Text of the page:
Benro Aero4 Travel Angel Video Tripod Kit Review – by David J. Murphy

David J. MurphyDavid J. Murphy was born in Boston, Mass., but raised in Southwest Florida. After graduating high school he joined the U.S. Marine Corps and worked as a combat photographer. During his time in the Corps, David worked in Puerto Rico, Virginia, Maryland, North Carolina, Iraq and Kuwait among other places. David also got the opportunity to attend the prestigious Military Photojournalism Program at Syracuse University in Syracuse, N.Y. He later turned this year-long educational program into bachelors degree from S.U. On July 4, 2007, David left the Marine Corps and worked as a freelance photographer in New York City, N.Y. He also worked as a photographer in the Air National Guard, working at the 106th Rescue Wing in Westhampton Beach, N.Y. He eventually turned this part time job into a full-time one, taking on the role of visual information manager. In 2009, David applied to be an officer in the U.S. Air Force, was accepted and became a public affairs officer two years later. David was stationed at Joint Base McGuire-Dix-Lakehurst, N.Y., for two years before being moved down to Joint Base Charleston, S.C., where he currently works with 1st Combat Camera Squadron.

Benro Aero 4

In my search for the perfect tripod I’ve used both the expensive and the cheap, both the high and the low quality, both the well and the poorly constructed. I haven’t come across a tripod that mixes strength, durability and portability to the right degree, yet. The Benro Aero4, though, comes strikingly close to being the tripod I want to use for all my video adventures.

The Aero4 has three legs that fold over backwards vs. downward for storage and transport. This is counter to most tripods that have legs that fold down and collapse on the center shaft for closure and transport. What I like about the Aero4’s system is that the backwards-folded legs, when unfolded, cause the center shaft to be already up. This automatically gives me extra height without having to extend the legs further.

The legs can also lock at three different angles giving the user either height or stability. The backwards-folding mechanic of the legs meant that I could get my tripod out and down, ready to film much quicker than my traditional tripod. If you’re trying to get set up quickly for a shot this utility is invaluable.

Benro Aero 4

The legs feature three expandable sections adjustable via a clamp system. For me this is preferred over something like a turning mechanism because I have 100% confidence the leg is locked into place and secured, and won’t shift after I extend it. Speaking of extensions, when the legs and center column are fully extended the Aero4 goes to a maximum height of 65.2” and with the head attached the tripod was actually taller than me.

Benro Aero 4

Benro Aero 4

At the bottom of the legs are pointed ends with adjustable feet, so if you need to plant this into the ground you’ll have that option. The center shaft is adjusted with a twisting device, which makes sense given its location and it much appreciated over a more traditional knob, which can stick out and break off. At the top of the tripod where the head connects, is a leveling platform, which allows for quick leveling.

It’s amazing how sturdy this 8.8-pound tripod is. The fluid video head that came with the tripod was able to produce smooth pans, both left to right and up and down. The head uses knobs to loosen the controls for panning, the control stick and locking the plate. There is one button, which is a quick release for the plate.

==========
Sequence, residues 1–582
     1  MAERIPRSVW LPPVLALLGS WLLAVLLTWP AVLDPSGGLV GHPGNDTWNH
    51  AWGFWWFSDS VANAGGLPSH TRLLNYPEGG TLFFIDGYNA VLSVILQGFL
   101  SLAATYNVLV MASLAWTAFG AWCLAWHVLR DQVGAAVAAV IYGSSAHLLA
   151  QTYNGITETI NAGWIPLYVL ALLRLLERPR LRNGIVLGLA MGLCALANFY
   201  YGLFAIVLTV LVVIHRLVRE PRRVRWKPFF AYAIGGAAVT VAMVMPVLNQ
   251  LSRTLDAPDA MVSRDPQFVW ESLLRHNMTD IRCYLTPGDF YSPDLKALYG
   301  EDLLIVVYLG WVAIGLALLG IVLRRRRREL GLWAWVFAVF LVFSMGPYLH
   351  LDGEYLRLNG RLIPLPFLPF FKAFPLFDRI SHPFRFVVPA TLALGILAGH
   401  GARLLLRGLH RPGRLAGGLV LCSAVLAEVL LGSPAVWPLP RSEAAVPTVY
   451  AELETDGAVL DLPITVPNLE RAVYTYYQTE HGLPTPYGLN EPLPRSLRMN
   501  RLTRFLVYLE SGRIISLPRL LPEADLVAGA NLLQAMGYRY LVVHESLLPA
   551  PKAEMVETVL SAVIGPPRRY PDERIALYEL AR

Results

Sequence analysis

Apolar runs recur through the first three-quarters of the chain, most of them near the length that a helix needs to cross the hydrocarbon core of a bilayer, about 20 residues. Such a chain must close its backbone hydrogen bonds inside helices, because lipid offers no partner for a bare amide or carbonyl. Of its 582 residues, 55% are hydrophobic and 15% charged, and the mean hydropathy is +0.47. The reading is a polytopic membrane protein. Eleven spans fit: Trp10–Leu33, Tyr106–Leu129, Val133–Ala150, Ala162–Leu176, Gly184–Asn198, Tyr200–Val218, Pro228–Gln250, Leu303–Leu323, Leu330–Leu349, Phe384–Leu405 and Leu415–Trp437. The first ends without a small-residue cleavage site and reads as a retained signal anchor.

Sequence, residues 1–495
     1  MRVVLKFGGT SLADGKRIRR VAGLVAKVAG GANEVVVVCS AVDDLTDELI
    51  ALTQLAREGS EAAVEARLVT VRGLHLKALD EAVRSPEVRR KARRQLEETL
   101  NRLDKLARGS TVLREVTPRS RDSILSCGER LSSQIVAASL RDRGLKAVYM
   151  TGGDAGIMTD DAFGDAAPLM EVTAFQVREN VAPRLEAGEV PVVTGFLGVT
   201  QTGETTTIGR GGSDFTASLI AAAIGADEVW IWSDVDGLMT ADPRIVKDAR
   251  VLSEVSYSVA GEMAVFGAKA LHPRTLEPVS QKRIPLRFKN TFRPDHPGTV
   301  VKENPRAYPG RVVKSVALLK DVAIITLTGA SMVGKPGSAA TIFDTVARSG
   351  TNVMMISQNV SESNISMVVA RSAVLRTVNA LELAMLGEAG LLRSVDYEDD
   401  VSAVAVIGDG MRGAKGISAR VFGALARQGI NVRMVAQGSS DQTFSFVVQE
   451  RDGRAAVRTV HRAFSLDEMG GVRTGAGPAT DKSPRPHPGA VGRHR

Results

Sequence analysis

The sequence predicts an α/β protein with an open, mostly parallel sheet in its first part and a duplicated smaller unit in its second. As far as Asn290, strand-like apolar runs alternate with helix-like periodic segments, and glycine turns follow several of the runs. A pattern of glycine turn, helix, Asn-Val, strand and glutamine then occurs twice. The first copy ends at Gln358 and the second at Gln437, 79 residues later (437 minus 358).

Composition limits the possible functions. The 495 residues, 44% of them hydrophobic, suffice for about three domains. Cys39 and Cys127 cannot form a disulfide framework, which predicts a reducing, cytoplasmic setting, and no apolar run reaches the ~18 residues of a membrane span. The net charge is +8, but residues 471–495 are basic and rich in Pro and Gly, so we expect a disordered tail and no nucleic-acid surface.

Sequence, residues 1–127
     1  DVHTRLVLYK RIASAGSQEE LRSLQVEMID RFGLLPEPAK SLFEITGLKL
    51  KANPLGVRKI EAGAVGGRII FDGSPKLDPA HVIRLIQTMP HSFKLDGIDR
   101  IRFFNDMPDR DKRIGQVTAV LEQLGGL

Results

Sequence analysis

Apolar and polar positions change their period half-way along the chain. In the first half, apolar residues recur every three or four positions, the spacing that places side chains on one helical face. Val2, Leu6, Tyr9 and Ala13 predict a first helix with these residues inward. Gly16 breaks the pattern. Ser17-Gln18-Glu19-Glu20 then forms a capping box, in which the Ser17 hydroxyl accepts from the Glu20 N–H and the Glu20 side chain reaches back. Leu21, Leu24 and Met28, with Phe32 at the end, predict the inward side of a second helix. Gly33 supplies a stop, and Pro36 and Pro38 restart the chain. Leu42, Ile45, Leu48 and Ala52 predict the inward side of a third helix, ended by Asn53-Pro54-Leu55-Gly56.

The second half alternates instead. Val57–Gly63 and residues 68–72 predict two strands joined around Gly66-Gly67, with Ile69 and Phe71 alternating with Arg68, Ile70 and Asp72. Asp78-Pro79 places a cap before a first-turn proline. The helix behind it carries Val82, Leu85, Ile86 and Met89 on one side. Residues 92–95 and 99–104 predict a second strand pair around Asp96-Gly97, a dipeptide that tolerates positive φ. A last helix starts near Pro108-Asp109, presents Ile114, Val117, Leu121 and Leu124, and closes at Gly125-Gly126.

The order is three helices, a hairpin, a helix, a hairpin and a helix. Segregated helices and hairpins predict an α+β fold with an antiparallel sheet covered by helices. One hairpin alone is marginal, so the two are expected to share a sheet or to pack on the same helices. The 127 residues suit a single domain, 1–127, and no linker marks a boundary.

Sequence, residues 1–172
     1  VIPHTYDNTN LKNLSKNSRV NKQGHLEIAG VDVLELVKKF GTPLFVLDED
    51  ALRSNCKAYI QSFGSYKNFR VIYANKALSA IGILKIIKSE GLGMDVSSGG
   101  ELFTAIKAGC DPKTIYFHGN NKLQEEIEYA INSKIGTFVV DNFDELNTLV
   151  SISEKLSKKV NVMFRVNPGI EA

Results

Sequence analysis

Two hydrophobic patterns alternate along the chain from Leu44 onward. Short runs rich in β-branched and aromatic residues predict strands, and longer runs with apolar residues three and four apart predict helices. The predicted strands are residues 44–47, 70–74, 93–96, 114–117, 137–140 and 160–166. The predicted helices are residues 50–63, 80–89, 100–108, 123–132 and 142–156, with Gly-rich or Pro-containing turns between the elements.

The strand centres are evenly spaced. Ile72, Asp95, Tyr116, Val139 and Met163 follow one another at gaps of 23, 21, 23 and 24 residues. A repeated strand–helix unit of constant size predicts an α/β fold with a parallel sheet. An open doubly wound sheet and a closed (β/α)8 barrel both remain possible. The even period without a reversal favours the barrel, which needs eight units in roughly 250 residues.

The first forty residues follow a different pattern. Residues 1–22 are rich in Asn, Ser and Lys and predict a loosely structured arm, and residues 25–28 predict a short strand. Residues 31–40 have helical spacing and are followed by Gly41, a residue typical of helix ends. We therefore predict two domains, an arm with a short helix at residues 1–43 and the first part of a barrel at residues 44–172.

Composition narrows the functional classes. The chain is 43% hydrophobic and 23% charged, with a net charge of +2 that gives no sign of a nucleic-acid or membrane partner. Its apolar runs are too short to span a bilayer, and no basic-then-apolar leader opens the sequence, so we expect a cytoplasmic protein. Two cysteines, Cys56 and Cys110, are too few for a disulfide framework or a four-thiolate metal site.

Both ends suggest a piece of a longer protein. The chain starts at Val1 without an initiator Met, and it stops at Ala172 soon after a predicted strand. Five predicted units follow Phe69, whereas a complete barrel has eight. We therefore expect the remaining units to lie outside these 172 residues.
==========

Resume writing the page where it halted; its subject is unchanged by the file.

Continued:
Benro Aero 4

The tripod also features the built-in ability to become a monopod, as one of the legs detaches from the main tripod can be connected to the center shaft. Definitely a nice convenience when the tripod itself is either too bulky or heavy to manage.

Benro Aero 4

The only problems I had while using the tripod came from the fact that I’m using a micro-four thirds camera to capture video. The issue is that the knob to lock the mounting plate into place directly competes with the camera. After some fiddling around with it I was able to develop a configuration that allowed me to secure both my camera to the plate and the plate to the tripod, but I don’t think the situation is as ideal as the manufacturer would probably want. If you’ve got a more traditional video camera this shouldn’t be an issue, but if you’re using a DSLR-style camera that has a portion sticking out the right hand side this will be something you’ll have to deal with to properly use the tripod. Additionally, don’t expect to be able to change your battery while the camera is still on the tripod.

As a tripod, I like the Aero4’s lightweight stability. It’s backward folding legs give me the ability to deploy it quickly, and the versatility of those same legs is welcome especially when traveling or hiking with the tripod. The included monopod feature allows me to save money and space by not having to buy or haul an extra piece of gear. Despite the wonky plate battery change issues, I highly recommend this tripod if you are looking for a light and versatile video tripod.

Pros
– Quick deployment at usable height due to backward folding legs
– Versatile leg configurations allow you to make the base as stable as you want
– Can convert into a monopod
– Lightweight

Cons
– Difficulty using a DSLR with tripod thanks to plate tightening knob placement

Benro Aero 4

Benro Aero 4

Benro Aero 4

Benro Aero 4

Benro Aero 4

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